Adherence To Malaria Prophylaxis Among Peace Corps Volunteers in the Africa Region, 2013
Published Date:2015 Jan-Feb
Source:Travel Med Infect Dis. 13(1):61-68.
Malaria In Long-term Travelers
Surveys And Questionnaires
Pubmed Central ID:PMC4834847
Funding:CC999999/Intramural CDC HHS/United States
Although malaria can be prevented with prophylaxis, it is diagnosed in over 100 Africa-region Peace Corps Volunteers annually. This suggests that prophylaxis non-adherence is a problem in these non-immune travelers.
We investigated Volunteers’ knowledge, attitudes, and practices regarding prophylaxis using an internet-based survey during August 19–September 30, 2013. Adherence was defined as taking doxycycline or atovaquone-proguanil daily, or taking mefloquine doses no more than 8 days apart.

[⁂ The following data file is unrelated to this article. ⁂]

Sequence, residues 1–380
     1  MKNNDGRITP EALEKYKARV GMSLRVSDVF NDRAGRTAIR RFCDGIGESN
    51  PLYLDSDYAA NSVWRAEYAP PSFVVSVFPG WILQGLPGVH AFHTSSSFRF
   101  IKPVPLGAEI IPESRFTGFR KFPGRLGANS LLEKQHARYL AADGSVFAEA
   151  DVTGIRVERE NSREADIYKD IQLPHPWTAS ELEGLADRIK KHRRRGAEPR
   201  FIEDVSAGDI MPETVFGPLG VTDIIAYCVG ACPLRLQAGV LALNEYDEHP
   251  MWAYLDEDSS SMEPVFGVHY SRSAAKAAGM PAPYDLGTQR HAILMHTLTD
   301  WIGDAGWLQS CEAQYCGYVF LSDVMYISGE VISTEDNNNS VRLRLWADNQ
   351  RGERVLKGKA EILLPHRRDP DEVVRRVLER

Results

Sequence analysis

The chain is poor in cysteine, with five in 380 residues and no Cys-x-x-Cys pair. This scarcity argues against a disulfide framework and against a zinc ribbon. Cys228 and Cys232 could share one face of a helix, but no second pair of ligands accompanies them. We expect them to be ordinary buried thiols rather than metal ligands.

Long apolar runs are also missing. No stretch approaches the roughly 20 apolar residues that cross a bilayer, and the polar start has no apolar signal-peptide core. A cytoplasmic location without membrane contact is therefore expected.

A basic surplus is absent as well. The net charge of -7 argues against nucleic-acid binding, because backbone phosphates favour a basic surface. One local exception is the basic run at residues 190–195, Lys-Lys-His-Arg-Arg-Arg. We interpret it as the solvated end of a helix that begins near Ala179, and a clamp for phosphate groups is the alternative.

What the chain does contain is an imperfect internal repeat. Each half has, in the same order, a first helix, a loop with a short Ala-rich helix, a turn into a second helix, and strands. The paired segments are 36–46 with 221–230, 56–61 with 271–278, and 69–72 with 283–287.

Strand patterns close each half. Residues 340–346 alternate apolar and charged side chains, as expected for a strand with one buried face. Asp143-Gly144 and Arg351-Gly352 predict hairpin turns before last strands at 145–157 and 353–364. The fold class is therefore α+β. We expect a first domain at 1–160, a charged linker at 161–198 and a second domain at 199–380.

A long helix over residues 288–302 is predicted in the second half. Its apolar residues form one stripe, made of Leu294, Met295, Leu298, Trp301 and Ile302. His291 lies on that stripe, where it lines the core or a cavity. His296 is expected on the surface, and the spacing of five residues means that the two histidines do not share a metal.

The survey was sent to 3,248 Volunteers. Of 781 whose responses were analyzed, 514 (73%) reported adherence to prophylaxis. The most common reasons for non-adherence were forgetting (n=530, 90%); fear of long-term adverse effects (LTAEs; n=316, 54%); and experiencing adverse events that Volunteers attributed to prophylaxis (n=297, 51%). Two hundred fourteen (27%) Volunteers reported not worrying about malaria. On multivariate analysis controlling for sex and experiencing adverse events Volunteers attributed to prophylaxis, the factor most strongly associated with non-adherence was being prescribed mefloquine (OR 5.4, 95% confidence interval 3.2–9.0).
We found moderate adherence and a prevailing fear of LTAEs among Volunteers. Strategies to improve prophylaxis adherence may include medication reminders, increasing education about prophylaxis safety and malaria risk, and promoting prompt management of prophylaxis side effects.
You May Also Like: